Introduction: Irritable bowel syndrome (IBS) management often includes dietary intervention. Some individuals consume high oxalate foods to decrease IBS symptoms. High oxalate foods include tea, beans, nuts, spinach, kale, rhubarb, beets and soy. Factors influencing absorption include dose ingested, mineral content of the meal, and fat malabsorption. Oxalate is excreted in urine and excessive filtration can cause oxalate nephropathy. We describe a rare case of a high oxalate diet intended for irritable bowel syndrome (IBS) treatment causing nephropathy.
Methods: A 59 year old Caucasian woman with chronic kidney disease (stage 3), IBS, osteoporosis, hypertension and hyperthyroidism presented with worsening renal function during a follow up evaluation. She reported a high oxalate diet for her IBS symptoms, consisting of 6 tablespoons of chia seeds and multiple servings of almonds daily. She denied history of urinary stones. Medications included amlodipine and methimazole. She denied NSAID use, never smoked and drank alcohol occasionally. Her family history was significant for diabetic nephropathy in her father.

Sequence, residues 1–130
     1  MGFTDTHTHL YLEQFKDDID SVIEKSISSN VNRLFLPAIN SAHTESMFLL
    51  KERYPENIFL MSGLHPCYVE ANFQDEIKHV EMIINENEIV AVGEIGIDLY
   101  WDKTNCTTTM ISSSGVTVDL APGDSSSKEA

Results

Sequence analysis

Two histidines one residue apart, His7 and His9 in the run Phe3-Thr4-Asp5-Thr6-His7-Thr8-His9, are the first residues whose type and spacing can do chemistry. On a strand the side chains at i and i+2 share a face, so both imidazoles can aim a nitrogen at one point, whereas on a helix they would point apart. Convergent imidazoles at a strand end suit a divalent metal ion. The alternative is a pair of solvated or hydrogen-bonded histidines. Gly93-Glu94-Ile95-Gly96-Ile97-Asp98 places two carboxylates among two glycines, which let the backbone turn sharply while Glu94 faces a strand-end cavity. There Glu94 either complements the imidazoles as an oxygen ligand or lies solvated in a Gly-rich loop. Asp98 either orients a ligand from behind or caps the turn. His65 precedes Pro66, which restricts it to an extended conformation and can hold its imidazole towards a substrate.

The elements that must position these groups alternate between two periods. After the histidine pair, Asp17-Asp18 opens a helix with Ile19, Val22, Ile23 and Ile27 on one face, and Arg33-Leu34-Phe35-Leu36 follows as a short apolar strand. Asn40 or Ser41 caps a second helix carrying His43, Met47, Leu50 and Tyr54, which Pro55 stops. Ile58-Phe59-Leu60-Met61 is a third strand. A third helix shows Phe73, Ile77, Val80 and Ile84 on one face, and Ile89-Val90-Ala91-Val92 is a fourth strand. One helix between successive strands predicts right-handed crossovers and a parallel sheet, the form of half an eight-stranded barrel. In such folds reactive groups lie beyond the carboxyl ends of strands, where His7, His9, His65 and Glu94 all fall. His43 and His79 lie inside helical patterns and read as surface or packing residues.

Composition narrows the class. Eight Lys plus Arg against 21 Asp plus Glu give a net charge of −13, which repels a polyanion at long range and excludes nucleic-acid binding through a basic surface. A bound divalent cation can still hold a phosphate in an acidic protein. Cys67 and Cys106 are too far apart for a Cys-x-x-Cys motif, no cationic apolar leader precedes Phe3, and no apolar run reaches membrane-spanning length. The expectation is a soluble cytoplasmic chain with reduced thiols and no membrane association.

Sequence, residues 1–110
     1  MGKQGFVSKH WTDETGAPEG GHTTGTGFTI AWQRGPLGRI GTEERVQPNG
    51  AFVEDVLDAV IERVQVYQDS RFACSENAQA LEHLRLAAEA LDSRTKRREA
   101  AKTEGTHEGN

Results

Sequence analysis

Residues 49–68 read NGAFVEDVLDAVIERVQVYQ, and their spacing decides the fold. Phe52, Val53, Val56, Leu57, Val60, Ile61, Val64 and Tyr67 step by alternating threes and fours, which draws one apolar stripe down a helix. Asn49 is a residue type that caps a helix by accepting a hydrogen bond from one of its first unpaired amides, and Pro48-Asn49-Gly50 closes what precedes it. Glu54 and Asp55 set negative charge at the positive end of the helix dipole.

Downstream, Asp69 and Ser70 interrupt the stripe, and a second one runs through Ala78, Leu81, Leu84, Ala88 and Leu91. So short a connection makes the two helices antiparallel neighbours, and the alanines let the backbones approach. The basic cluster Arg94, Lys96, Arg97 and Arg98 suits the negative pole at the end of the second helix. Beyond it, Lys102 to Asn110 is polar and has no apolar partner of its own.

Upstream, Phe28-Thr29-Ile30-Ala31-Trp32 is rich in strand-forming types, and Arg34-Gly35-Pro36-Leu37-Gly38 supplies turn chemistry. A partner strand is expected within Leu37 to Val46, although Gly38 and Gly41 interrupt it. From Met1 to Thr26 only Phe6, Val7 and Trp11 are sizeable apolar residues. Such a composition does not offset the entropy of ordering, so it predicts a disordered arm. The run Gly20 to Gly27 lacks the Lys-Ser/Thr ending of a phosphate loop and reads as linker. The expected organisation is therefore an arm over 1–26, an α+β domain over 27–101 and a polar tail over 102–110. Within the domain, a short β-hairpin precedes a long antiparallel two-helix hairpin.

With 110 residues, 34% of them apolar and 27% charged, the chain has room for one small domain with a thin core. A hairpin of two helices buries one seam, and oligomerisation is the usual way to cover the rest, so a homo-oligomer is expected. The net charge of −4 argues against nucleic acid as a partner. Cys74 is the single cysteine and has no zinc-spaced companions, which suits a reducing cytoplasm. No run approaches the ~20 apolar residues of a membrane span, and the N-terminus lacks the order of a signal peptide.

Labs revealed an increase in creatinine from 1.3 to 1.8 over six months. Urinalysis was negative for proteinuria and hematuria. A renal ultrasound was normal. A subsequent renal biopsy showed glomerulosclerosis, fibrosis, tubular atrophy, and calcium oxalate deposition. Immunofluorescence was negative. Litholink showed increased oxalate and low citrate in urine. Her acute kidney injury was attributed to diet. She switched to a low oxalate diet with high fluid intake and started calcium carbonate with meals and vitamin D. A two month follow up evaluation revealed that her creatinine improved to 1.57 and urine studies showed decreased oxalate. Discussion: This case reveals the unintended consequence of a high oxalate diet for IBS symptoms. There is a close relationship between diet, intestinal health, and kidney health, signifying the importance of a thorough dietary history, nutrition counseling, and dietary management of disease. Vulnerable patients include those with chronic kidney disease, calcium and iron deficiencies, fat malabsorption, and those following a plant based or a fad diet. Risk can be mitigated with cooking techniques, hydration, balancing high oxalate diets with foods rich in free calcium, magnesium and iron and by limiting high oxalate foods. The microbiome appears to play an important role in degrading oxalate and in the future may further help stratify risk.